PLD 1992 LAHORE 462
Per Sh. Riaz Ahmad, J.
(a) Constitution of Pakistan (1973), Arts. 2A, 17 & 14:
r/w Punjab Undesirable Cooperative Societies (Dissolution) Ordinance (XX of 1992)—Ss. 4, 12, 12, 22 and Schedule
It was frankly conceded before us by Mr. Khalid M. Ishaq that after the incorporation of Objectives Resolution in the Constitution as Article 2A and same having become enforceable by the Courts, the ratio of judgment delivered by the Supreme Court of Pakistan in Fauji Foundation case PLD 1983 SC 457, loses its significance. [p. 491]I
FAUJI FOUNDATION’S CASE 1983 SC 457. Ref.
The independence of judiciary is, thus, a most sacred pillar on which the edifice as a safeguard against every type of injustices, i.e. social, political and economic has to stand and no inroad into the fundamental rights guaranteed to a citizen including the equality of status, and of opportunity before law, social, economic and political justice and freedom of thought, expression, belief, faith, worship and association can be made by the executive. However, as it is well-established that subject to law and public morality on the basis of reasonable classification, the Legislature can regulate the exercise of such rights guaranteed in the Constitution but in the light of the independence of judiciary, having been secured, guaranteed and being essential part of our grund norm, the same is enforceable.
In this view of the matter, the scheme of trichotomy of power as envisaged under the Constitution, into three organs of the State i.e. executive, legislature and judiciary gains importance and, therefore, none of these organs can make inroad or transgress the sphere of others. Thus, taking of adverse action against any person or body on the basis of its misdeeds, if any, is nothing but exercise of judicial power. In exercise of such power, it has to be seen whether care to comply with law and opportunity of being heard as a principle of natural justice was provided before taking any adverse action. The concept of independence of judiciary as guaranteed and enforceable under our Constitution would not authorise the legislature or the Provincial Governor to enunciate a legislative judgment through a piece of legislation. [p. 492]K
The judicial power cannot be exercised by the legislature and every adverse action must precede by a finding of a tribunal and any action in its derogation would amount to legislative judgment which is not permissible by law. [p. 494]L
NASEER AHMAD KHAN V. PROVINCE OF WEST PAKISTAN PLD 1980 LAHORE 684;
GOVERNMENT SINDH AND ANOTHER V. SHARAF FARIDI 1990 SCMR 91;
SHARAF FARIDI AND 3 OTHERS V. THE FEDERATION OF ISLAMIC REPUBLIC OF PAKISTAN PLD 1989 KARACHI 404;
SRIMATI INDIRA NEHRU GANDHI V. SHRI RAJ NARAIN AIR 1975 SC 2299;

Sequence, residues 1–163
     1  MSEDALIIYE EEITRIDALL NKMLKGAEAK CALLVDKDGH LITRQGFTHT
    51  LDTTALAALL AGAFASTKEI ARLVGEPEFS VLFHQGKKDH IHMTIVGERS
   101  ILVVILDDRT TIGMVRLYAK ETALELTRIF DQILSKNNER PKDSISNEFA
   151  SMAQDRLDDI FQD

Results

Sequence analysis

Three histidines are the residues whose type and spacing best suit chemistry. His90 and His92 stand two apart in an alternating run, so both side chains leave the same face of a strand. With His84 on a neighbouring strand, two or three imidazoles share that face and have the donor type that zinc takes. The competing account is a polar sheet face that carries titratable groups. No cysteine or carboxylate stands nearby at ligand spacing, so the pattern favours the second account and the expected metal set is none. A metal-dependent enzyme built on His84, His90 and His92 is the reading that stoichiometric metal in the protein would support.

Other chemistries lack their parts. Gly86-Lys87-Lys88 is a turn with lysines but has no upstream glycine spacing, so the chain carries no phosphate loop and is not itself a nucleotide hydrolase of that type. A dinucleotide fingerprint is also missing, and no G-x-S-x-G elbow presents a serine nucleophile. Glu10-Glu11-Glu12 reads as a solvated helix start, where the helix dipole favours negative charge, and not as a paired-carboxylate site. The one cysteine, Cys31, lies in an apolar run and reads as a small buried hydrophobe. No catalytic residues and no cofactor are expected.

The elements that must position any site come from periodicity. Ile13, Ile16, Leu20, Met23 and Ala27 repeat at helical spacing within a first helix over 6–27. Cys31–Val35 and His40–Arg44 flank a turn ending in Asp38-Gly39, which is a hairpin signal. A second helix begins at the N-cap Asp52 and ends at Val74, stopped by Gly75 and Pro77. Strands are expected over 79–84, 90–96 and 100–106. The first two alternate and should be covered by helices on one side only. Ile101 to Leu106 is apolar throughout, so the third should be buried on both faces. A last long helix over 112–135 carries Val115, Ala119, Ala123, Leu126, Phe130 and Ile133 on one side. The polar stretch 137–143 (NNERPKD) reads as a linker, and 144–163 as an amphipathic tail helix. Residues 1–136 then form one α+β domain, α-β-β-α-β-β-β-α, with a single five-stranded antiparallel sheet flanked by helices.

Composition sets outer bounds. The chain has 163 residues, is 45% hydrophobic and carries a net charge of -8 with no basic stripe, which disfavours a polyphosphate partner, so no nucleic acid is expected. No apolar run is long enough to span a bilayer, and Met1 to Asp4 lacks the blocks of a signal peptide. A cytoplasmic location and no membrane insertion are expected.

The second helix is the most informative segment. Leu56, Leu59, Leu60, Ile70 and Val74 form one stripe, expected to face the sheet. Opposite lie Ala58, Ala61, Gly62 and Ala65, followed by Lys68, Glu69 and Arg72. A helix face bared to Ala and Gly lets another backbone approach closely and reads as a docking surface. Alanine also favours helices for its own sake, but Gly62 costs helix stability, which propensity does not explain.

The enjoyment of every right is subject to reasonable classification and restrictions as contained in the Article itself. Unfortunately, in the impugned Ordinance, no classification has been mentioned and as observed earlier, no yardstick or criterion has been laid down to hold a society undesirable, therefore, we are of the view that arbitrary powers emerge from the Ordinance, particularly, by virtue of sections 4 and 12 read with Schedule to the Ordinance, whereby, 102 Cooperative societies enumerated in the Schedule stand dissolved. The framer of the Ordinance also did not visualise the agony of the depositors, although, certain Cooperative Societies before us, by submitting a report of its funds, undertook to make repayments to its depositors as it was contended by them than their assets were more than their liabilities. [p. 495]O
The argument is devoid of force because as already observed that the grund norms, the Objective Resolution having become enforceable in the Constitution, no clog or fetter can be on the powers conferred upon this Court under Article 199 of the Constitution to examine any act on the touchstone of Article 2-A. There is no clog or fetter nor it can be placed upon the powers of this Court to examine the validity of any act or law and to declare it unconstitutional if repugnant to Islam. Hence we are not impressed with this argument. [p. 497, 498]S
(b) Constitution of Pakistan (1973) Article 2A & Chap. 1 [Arts. 8 to 28]
The upshot of the above discussion is taht the provisions of section 4, 12 and 13 of the Ordinance read with the Schedule to the Ordinance amounts to legislative judgment by usurping the judicial power and, therefore, are vioative judgment by usurping the judicial power and, therefore, are violative of the fundamental rights and Article 2A of the Constitutional and thus cannot be saved being unconstitutional, illegal and violative of the principles of natural justice. [p. 502] W
We will be failing in our duty, if we do not direct the competent authority to give priority and to introduce such a mechanism whereby agony of the depositors comes to an end and easy procedure is laid down for satisfying the claims of such depositors. In this behalf, the appointment of a Committee by this Court is a food for thought for the competent authority because in this way neither the Cooperative Society nor the bureacratic set-up as created by the Ordinance would be in a position to deal with the assets and the unclaimed funds in a manner otherwise than in accordance with law. The competent authority shall also consider the offers of these societies, the financial position of which, permits the payments to the depositors and for the satisfaction of the claims of the depositors without the intervention of the third party. No code or system or procedure can be rendered ineffective provided the same is implemented diligently and honestly. The appointment of the Cooperative Board and its composition is also against the recommendations of the Commission, inasmuch as, again wide powers have been conferred upon the Governor to pick and choose which may further aggravate the situation rather than to remedy the same. [p. 502]BB